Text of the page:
VC10801-03

VC10801-03

Offense

Operate Chop Shop; Traffic in vehicles with altered VINs (vehicle identity numbers)

Aggravated Felony (AF)

Get 364 on each count to avoid AF. Also can be AF if loss to victim/s exceeds $10k.

Consider alternate plea such as PC 487, which can take 1 year or $10k loss, or 459, which might be able to take both.

See Advice.

Crime Involving Moral Turpitude (CIMT)

Yes CIMT

Other Removal Grounds

No other removal ground.

Advice and Comments

AF based on 1 year: A few AF categories might apply if 1 yr or more is imposed, such as receipt of stolen property, trafficking in vehicles where VIN has been altered, or even counterfeiting or forgery. If 1 yr can’t be avoided, try to plead to an offense such as 459, 487, or 594. If 1 yr was imposed on a prior, imm counsel may investigate arguments that 10801 is not an AF even with 1 yr.1Trafficking in vehicles with altered vehicle identification numbers (VIN) is an aggravated felony if a sentence of a year or more is imposed. So is theft, including receipt of stolen property. See 8 USC § 1101(a)(43)(R), (G), respectively. While arguably this offense is not an AF under the VIN category, defenders should assume conservatively that it will be held an AF as receipt of stolen property if a sentence of a year is imposed.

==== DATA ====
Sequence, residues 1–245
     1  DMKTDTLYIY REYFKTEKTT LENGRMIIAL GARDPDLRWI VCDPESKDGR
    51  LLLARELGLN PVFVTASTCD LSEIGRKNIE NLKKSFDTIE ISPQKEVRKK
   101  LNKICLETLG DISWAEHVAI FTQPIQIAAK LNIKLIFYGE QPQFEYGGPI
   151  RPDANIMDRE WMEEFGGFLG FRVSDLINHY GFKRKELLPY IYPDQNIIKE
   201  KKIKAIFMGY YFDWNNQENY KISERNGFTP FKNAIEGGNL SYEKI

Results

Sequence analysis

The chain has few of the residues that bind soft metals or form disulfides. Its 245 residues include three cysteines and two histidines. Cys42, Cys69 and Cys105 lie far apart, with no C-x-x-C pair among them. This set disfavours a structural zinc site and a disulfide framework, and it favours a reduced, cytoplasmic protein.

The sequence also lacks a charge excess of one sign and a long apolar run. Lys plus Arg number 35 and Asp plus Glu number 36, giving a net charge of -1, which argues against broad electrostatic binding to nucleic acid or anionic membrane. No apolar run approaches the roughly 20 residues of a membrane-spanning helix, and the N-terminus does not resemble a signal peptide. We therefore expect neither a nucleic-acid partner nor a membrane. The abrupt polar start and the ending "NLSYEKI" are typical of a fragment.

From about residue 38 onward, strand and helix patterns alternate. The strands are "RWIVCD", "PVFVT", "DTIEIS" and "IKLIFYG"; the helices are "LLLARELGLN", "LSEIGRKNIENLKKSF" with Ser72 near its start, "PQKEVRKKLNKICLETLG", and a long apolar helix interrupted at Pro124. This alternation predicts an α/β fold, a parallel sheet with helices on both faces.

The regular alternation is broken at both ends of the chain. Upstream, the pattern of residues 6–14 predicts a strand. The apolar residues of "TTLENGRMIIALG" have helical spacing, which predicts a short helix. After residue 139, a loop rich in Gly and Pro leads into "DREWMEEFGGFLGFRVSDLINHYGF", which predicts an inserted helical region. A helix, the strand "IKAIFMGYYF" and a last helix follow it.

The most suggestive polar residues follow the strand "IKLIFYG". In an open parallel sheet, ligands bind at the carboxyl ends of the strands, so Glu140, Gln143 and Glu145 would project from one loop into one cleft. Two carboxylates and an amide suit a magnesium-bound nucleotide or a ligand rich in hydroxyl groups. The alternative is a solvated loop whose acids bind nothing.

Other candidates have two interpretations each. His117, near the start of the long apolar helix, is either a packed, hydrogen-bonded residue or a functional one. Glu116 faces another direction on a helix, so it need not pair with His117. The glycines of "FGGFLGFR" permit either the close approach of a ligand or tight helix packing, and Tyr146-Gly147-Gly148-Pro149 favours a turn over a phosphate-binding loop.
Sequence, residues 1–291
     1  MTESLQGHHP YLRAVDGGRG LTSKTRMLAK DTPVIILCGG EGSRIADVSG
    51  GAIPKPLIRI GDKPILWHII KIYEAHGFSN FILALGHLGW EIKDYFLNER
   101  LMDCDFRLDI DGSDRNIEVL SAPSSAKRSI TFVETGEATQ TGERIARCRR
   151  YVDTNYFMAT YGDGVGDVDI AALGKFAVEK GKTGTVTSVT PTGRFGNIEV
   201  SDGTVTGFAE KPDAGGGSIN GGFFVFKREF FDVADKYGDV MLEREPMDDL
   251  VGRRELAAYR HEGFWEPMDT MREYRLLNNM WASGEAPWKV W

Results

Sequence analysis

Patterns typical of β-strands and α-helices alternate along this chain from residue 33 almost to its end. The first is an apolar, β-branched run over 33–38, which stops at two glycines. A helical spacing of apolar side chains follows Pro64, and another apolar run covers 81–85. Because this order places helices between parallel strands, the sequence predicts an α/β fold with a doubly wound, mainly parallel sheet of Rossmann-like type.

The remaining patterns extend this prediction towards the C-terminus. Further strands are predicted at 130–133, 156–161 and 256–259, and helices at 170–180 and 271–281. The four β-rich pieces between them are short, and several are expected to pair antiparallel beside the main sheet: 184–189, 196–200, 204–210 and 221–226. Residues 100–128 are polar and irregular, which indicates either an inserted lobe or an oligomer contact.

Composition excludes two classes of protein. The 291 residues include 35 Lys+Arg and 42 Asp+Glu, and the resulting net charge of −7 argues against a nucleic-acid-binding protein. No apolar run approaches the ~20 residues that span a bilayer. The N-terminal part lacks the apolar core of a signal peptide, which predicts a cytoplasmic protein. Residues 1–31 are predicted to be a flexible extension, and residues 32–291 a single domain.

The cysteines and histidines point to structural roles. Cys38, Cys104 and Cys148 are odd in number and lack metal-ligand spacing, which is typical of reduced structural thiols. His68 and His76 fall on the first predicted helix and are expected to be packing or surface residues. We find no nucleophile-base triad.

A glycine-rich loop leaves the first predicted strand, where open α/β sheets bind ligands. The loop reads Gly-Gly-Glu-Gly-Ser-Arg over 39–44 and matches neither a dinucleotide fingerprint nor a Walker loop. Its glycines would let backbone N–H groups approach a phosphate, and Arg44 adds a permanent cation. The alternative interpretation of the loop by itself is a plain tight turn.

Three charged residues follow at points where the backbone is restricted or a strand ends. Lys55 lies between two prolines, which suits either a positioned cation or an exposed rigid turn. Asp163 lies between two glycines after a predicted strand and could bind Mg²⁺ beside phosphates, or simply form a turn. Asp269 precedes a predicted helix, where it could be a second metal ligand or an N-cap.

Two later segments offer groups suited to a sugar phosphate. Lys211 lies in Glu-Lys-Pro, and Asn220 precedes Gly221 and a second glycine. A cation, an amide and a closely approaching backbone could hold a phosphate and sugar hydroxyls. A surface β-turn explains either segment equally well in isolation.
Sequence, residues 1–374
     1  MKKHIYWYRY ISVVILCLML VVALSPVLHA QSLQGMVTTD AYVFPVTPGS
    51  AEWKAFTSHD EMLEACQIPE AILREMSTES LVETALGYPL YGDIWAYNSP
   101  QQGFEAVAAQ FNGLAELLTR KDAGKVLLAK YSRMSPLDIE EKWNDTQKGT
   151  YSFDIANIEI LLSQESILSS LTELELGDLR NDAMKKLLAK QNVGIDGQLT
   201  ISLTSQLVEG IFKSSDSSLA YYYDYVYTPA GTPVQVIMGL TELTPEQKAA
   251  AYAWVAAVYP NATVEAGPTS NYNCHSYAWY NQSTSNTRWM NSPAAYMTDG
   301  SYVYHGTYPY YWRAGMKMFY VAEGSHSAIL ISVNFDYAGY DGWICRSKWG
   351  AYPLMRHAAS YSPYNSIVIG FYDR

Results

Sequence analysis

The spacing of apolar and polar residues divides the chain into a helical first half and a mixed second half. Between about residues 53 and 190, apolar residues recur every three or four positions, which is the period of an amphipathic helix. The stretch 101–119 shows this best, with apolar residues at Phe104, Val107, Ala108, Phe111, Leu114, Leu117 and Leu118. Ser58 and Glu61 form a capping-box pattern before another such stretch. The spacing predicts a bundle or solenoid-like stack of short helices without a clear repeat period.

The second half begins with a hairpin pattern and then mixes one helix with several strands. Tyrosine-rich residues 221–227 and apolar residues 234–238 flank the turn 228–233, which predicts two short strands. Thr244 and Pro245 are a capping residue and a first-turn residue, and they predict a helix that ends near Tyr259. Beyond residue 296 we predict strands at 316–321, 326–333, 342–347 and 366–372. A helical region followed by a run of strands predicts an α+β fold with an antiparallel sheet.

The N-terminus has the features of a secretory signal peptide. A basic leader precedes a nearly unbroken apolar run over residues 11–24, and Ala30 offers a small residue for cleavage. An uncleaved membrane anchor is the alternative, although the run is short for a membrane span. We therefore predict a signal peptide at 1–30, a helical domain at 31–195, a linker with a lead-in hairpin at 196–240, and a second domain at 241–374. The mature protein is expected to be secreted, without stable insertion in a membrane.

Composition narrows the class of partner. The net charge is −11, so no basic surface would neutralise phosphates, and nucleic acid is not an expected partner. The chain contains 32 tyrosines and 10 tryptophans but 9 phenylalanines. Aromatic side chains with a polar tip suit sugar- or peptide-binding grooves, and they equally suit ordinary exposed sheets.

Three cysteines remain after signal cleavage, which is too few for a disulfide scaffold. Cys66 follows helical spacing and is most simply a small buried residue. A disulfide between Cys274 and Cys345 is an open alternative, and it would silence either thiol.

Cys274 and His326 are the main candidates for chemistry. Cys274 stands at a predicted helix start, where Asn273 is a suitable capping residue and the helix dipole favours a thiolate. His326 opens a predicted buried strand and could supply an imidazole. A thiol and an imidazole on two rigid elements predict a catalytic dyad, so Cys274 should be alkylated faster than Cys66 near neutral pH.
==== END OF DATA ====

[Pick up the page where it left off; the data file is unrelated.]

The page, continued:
Section 10801 should be held overbroad compared to the definition of the VIN aggravated felony. Section 10801 includes intent to “alter, counterfeit, deface, destroy, disguise, falsify, forge, obliterate, or remove the identity, including an identification number, of the vehicle or part, in order to misrepresent its identity or prevent its identification.” CALCRIM 1752 (emphasis added). The minimum conduct could include something other than altering the VIN. Further, the statute does not appear to be divisible, and if that is true, no conviction is an AF.

A “theft offense (including receipt of stolen property)” is an aggravated felony if a sentence of a year or more is imposed. 8 USC § 1101(a)(43)(F). Section 10801 is not categorically (necessarily) a theft offense, because it can be committed by fraud. Carrillo-Jaime v. Holder, 572 F.3d 747 (9th Cir. 2009). The more difficult question is whether it is an aggravated felony as receipt of stolen property, which the BIA has held can be property obtained by theft or fraud. Immigration counsel may identify arguments against this, but criminal defense counsel should assume conservatively that 10801 is an AF as receipt of stolen property if a year or more is imposed.

AF based on $10,000 loss. If loss = the value of vehicles, this could amount to $10k loss to victim/s. Arguably 10801 is not a crime of fraud or deceit because it can involve theft2A crime of fraud or deceit is an aggravated felony if the loss to the victim/s exceeded $10,000. 8 USC § 1101(a)(43)(M)(ii). Section 10801 can involve a vehicle taken by either fraud or theft. Because the statute appears not to be divisible (because there is no requirement that a jury decide whether theft or fraud was the conduct; see n. 4), it should be judged according to the minimum conduct, which need not include fraud. Still, make every effort to avoid the $10k loss. See Pen C §§ 484 and 470 in chart.—but the act of altering the vehicle might be held to be deceit. By far the best practice is plea to theft with loss of $10k but not with 1 year, or burglary. See discussions at 487 and 470, and see § N.11 Burglary, Theft and Fraud.

2020-05-19T19:38:53+00:00Updated January 29th, 2020|